Rod Serling’s ‘Night Gallery’ Turns 50

There hasn’t been anyone like Rod Serling, who passed away in 1975. He was a visionary maverick who bent the ear of the network, and they in turn bent a knee to him regarding the brilliantly progressive yet timeless television he gave them, offering them science fiction and horror laced with social commentary that peppered the story with a subtle spice that got everyone thinking deeper thoughts… whether they wanted to or not. His style is the model of how to effectively use the television and film mediums to provoke thought about social change. We’ve lost that lately with political agenda at the forefront of recent creation, with the series or the film as just a substrate to hold it up. I’m hoping someone picks up the mantle again that he left us. It’s a big void to fill.

His best known series was, of course, The Twilight Zone. Rightfully so. It is a masterwork of Eisenhower Cold War paranoia of the early ’60s, packaged in the suit and tie respectability of the era, but with an underlying and irresistible twinge of subversiveness.

When Serling considered another anthology series a few years later, the times had changed a bit. His answer was an edgier and darker anthology series. Night Gallery premiered on December 16, 1970. The original concept was supposed to be a wax museum, but it was later changed to an art gallery. It was serendipitous. The opening is almost as terrifying as the story. Serling stands in what seems to be a giant room engulfed in an ominous darkness, the only light what is cast on the paintings. Serling himself seems edgier than in his The Twilight Zone days. His hair is as long as a respectable haircut would allow, and he has become slightly more weathered in the eight years that have passed.

Night Gallery aired for three seasons from 1970 to 1973. It is darker than The Twilight Zone and focused on more macabre tales of the strange and unusual. It was difficult, but I narrowed down the series to my favorite five episodes:

“The Little Black Bag” (Season 1 Episode 2)

Writer: Rod Serling and based on short story by C.M. Kornbluth

Director: Jeannot Szwarc

Everyone remembers Burgess Meredith’s turn in The Twilight Zone, but he did just as much justice to the “The Little Black Bag.” A disgraced doctor finds a bag left behind by time travelers and 2098 technology seems like magic in present day 1971. He sees it as a way to start practicing medicine again while his skid row friend only sees monetary gain.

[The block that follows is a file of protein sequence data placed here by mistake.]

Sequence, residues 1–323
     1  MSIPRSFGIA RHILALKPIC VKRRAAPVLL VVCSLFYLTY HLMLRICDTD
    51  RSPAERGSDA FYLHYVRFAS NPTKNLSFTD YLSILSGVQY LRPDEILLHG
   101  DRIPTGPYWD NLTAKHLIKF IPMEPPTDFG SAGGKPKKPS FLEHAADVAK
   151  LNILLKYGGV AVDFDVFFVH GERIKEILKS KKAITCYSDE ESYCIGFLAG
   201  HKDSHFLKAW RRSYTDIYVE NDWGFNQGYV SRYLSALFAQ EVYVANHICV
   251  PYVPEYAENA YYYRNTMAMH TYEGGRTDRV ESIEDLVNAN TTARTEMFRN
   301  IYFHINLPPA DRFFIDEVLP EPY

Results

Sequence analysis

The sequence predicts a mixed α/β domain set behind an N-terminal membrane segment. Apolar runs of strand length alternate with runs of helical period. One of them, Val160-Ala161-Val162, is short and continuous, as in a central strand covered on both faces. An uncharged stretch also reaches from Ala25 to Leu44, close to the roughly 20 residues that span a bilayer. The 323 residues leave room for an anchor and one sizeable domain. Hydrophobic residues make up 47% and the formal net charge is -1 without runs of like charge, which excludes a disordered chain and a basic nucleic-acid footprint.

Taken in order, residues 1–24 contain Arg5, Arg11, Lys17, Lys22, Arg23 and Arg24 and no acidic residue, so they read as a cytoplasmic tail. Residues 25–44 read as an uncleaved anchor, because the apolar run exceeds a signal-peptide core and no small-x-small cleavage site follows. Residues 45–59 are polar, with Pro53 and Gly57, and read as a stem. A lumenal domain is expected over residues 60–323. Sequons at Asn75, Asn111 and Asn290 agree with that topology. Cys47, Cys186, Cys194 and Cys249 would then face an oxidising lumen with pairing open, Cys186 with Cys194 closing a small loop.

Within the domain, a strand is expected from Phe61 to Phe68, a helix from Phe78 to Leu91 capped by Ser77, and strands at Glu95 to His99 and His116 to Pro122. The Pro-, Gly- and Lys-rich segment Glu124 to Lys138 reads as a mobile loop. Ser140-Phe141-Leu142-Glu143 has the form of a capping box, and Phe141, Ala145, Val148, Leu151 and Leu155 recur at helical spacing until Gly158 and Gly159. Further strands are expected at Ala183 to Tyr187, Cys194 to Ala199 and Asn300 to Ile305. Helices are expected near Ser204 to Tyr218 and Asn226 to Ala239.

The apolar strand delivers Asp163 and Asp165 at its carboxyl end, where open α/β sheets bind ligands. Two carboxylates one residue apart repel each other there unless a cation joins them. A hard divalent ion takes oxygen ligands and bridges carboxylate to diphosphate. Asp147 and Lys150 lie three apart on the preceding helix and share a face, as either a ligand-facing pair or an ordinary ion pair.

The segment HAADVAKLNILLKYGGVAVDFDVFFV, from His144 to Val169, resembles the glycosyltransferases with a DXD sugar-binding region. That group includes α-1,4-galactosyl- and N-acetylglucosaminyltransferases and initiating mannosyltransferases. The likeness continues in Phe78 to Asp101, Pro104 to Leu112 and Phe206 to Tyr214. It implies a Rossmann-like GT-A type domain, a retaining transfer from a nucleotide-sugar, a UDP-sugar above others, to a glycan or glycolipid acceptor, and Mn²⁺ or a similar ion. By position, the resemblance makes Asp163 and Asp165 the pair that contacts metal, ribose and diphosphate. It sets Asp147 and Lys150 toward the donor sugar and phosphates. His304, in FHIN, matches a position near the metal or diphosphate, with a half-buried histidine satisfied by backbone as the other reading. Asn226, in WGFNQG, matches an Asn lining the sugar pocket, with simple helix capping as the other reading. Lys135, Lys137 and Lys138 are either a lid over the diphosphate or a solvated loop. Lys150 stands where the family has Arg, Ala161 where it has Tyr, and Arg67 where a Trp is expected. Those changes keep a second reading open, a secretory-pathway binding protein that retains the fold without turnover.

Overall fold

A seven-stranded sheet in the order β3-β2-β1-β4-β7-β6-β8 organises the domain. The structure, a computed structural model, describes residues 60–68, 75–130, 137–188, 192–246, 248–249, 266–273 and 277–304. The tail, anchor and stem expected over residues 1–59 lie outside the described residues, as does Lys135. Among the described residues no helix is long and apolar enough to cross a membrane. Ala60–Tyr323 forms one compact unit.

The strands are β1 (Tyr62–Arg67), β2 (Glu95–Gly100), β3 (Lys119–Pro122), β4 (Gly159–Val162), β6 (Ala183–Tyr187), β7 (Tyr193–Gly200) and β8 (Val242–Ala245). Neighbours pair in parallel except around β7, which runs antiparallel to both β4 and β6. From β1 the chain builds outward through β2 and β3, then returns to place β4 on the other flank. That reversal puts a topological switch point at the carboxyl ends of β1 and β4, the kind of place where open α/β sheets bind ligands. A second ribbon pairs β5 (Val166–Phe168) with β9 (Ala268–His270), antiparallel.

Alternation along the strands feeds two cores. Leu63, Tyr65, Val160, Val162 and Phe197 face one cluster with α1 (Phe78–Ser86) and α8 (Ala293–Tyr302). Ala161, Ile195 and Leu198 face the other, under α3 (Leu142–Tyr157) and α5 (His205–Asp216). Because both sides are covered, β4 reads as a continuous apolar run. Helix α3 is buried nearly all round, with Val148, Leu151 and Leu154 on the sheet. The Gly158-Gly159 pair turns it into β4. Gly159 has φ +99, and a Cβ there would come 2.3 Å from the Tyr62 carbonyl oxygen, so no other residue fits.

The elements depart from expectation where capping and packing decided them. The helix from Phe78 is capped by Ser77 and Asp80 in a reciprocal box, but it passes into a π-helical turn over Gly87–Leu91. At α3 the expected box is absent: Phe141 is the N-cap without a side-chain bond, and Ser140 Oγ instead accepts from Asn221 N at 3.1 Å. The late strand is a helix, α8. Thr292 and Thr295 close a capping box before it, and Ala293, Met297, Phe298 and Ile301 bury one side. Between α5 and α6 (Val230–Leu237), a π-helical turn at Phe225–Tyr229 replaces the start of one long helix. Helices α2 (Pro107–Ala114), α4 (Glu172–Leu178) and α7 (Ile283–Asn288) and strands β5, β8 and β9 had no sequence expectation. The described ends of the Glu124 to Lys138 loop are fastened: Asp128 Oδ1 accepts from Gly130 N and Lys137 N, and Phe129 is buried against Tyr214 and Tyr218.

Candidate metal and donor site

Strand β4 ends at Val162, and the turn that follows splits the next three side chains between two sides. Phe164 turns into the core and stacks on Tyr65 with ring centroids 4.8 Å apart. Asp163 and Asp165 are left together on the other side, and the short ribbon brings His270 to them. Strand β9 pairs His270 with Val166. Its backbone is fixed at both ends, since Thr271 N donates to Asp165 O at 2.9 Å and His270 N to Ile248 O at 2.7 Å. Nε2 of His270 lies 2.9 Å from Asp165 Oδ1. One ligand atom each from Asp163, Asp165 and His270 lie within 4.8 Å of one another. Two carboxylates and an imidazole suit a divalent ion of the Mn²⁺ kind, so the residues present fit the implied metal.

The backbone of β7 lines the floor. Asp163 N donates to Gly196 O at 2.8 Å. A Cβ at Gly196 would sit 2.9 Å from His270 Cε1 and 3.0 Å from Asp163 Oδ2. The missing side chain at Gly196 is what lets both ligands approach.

“The Doll” (Season 1 Episode 5)

Writer: Rod Serling and based on short story by Algernon Blackwood

Director: Rudi Dorn

In the classic Killer Doll motif, this installment puts a darker, more layered spin on things. A British Colonel finds himself stalked by a beyond creepy doll. It shows up by mail as a gift for his niece. He was recently station in India, and the doll came from an Indian address, but no name for the sender. His niece and the doll are inseparable. He tries to get her another, but the replacement is soon found torn to pieces with the old doll smirking nearby. The doll ends up being a means to a sinister end.

“The Boy Who Predicted Earthquakes” (Season 2 Episode 1)

Writer: Rod Serling and based on a short story by Margaret St. Clair

Director: John Badham

Clint Howard is a cinematic treasure. It’s always nice to see him pop up in anything from the 1960s to the present day. He may be a lot younger in this episode, but his face is unmistakable. He plays a young boy with the ability to predict the future. A local TV station reaps the rewards of his talents by broadcasting his predictions. His grandfather is his guardian and is careful to keep him from being exploited. When one prediction seems to good to be true, it just may be.

“Since Aunt Ada Came to Stay” (Season 2 Episode 3)

Writer: Alvin Sapinsley and based on a short story by A.E. von Vogt

Directer: William Hale

This one still terrifies me. A college professor suspects that his wife’s elderly aunt is actually a witch intent on possessing her. The aunt is absolutely terrifying, and James Farentino, who plays the professor, is constantly on edge while trying to protect his wife from a threat that only he takes seriously. It is unsettling the whole way through.

“Death on a Barge” (Season 3 Episode 12)

Writer: Halsted Welles and based on a short story by Everil Worrell

Director: Leonard Nimoy

In Leonard Nimoy’s directorial debut, a local boy is infatuated with a mysterious girl named Hyacinth. She is confined to a floating barge and fears crossing the running water around it. Anyone familiar with basic monster folklore can figure out why.

Although Night Gallery doesn’t have the longevity of The Twilight Zone, the series gave Serling a vehicle to show what he could with darker subject matter. Some stories have science fiction elements, but most are horror. The caliber of acting is high, and the period pieces echoe classic Hammer films. Guest stars included: Sally Field, Vincent Price, John Astin, Geraldine Page, Sandra Dee, and many more. Also, look for a young director named Steven Spielberg in a few of the credits. As of this writing, Comet is showing Night Gallery grouped together with the Gary Collins paranormal investigator series, The Sixth Sense.

About Kevin Scott

Parents who were not film savvy and completely unprepared for choosing child appropriate viewing material were the catalyst that fueled my lifelong love affair with horror, exploitation, blaxploitation, low budget action, and pretty much anything that had to be turned off when my grandparents visited. I turned out okay for the most part, so how bad could all these films actually be?

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